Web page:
MEL Gibson has touched down in Scotland ahead of a special event taking place this weekend.
The Braveheart actor66, has returned for the first time since the William Wallace epic’s premiere at Stirling Castle in 1995.
Organizers have promised he will share previously untold stories as part of the all-access show.
The black tie dinner bash, called Experience with Mel Gibson, is taking place at the DoubleTree by Hilton Hotel Glasgow Central on Sunday evening.
A description reads: “The on-stage interviews will be structured to encourage Mr Gibson to share untold stories and anecdotes from his life and unbelievable movie career.
“Experience With Mel Gibson LIVE is a true once in a lifetime opportunity to get up close to one of the most significant names in Hollywood, and listen to his story live and unscripted for the first time anywhere in the world.”
Mel will take to the stage with an epic entrance celebrating 26 years of Braveheart before an orchestra and rat pack singer play throughout the evening.
Events firm An Experience With, who are putting on the show, posted a video of the iconic actor lading in Scotland on their social media accounts.
They wrote: “Look who’s just landed!!!!
“Mel Gibson has arrived in Glasgow
“Not long to go.”
Mel previously revealed he wanted to film the whole of Braveheart in GAELIC.
Eager to keep the William Wallace epic as authentic as possible, the Lethal Weapon and Mad Max star, 64, even learned some key phrases ahead of shooting the Oscar-winning flick.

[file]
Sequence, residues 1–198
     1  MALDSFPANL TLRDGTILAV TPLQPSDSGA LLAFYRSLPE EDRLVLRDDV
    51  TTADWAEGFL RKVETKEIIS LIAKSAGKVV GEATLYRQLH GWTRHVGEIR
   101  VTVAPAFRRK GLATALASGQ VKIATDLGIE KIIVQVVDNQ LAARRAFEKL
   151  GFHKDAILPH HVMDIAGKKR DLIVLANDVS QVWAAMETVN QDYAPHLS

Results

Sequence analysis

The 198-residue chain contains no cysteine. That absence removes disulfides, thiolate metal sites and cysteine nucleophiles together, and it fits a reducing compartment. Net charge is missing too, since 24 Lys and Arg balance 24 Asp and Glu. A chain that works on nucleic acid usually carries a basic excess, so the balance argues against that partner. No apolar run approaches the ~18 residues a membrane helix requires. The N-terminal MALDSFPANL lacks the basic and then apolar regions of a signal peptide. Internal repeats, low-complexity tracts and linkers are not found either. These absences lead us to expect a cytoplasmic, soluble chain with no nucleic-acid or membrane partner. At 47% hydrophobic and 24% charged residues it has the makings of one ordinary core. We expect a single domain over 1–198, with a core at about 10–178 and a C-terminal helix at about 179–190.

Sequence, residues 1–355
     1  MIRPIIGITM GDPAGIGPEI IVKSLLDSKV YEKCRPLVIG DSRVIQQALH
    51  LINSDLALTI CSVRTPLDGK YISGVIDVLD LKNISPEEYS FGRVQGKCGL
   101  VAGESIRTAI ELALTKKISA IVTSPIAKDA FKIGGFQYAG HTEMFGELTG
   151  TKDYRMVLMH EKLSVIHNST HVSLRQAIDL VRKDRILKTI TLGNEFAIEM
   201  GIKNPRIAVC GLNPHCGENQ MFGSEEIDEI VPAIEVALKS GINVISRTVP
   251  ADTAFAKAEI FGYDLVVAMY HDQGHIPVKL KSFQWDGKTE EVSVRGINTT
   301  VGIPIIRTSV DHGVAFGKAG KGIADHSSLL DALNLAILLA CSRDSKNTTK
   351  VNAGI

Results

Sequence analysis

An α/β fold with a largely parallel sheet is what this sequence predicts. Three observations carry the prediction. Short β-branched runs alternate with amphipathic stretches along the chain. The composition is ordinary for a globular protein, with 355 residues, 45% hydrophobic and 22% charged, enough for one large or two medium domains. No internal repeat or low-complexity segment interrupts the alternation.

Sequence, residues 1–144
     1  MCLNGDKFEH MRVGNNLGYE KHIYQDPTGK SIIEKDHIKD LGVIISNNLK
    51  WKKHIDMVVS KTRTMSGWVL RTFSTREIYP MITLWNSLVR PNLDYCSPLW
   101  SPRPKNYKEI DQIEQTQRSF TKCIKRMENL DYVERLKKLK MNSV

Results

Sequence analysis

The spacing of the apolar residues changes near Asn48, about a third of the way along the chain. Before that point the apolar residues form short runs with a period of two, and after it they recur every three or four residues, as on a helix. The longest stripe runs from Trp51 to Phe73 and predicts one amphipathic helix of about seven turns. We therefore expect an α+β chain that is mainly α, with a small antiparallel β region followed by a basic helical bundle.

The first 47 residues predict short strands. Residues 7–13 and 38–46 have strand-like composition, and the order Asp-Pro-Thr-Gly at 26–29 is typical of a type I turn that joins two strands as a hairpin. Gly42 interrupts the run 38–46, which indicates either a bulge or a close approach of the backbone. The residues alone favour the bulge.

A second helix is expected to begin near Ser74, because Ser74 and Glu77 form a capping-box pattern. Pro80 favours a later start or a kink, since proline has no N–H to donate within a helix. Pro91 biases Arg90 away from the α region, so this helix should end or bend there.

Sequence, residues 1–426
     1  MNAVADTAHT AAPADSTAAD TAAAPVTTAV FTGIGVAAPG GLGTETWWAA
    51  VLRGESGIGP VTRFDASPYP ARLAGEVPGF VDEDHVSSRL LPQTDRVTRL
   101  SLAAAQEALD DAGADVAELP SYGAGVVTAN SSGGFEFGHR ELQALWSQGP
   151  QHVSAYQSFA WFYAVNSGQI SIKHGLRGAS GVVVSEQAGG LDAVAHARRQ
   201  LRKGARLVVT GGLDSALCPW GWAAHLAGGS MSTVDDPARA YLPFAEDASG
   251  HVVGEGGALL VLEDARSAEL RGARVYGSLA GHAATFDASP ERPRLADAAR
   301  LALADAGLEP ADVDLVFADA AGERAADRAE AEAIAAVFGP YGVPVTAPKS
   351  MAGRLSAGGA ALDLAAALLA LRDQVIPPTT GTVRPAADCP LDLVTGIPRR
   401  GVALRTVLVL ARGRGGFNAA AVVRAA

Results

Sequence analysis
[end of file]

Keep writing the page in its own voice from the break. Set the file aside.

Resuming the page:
But he dropped the idea after considering how it could appeal to a global audience.
Speaking from his Los Angeles home, Mel said: “It’s always been a thing of mine – an interest in languages that aren’t dead, but hardly spoken anymore.
“I’ve made two films like that. I found it to be something that would make it so real for people like with The Passion Of The Christ in Aramaic and Apocalypto in Mayan.
“There’s something utterly believable about people and their culture when it’s in another language.
“Ultimately, I didn’t have the stones to jump right in and do it at that point. It was only my second film and I thought it might not work so didn’t have the balls to do it until around ten years later.
“It’s also important for the audience to understand the words.
“I was jazzed by that idea but ultimately didn’t have the cojones to do it.”
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